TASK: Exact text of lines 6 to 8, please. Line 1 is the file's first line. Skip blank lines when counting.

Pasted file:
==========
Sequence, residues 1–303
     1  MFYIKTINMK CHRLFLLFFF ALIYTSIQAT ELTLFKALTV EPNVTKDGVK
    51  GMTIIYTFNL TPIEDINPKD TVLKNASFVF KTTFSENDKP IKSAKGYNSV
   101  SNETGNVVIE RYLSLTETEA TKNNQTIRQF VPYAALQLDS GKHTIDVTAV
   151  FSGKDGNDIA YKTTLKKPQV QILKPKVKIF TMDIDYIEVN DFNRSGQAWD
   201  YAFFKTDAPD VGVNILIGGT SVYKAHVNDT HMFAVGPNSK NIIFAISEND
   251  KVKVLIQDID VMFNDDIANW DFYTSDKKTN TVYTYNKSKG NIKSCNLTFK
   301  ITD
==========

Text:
   201  YAFFKTDAPD VGVNILIGGT SVYKAHVNDT HMFAVGPNSK NIIFAISEND
   251  KVKVLIQDID VMFNDDIANW DFYTSDKKTN TVYTYNKSKG NIKSCNLTFK
   301  ITD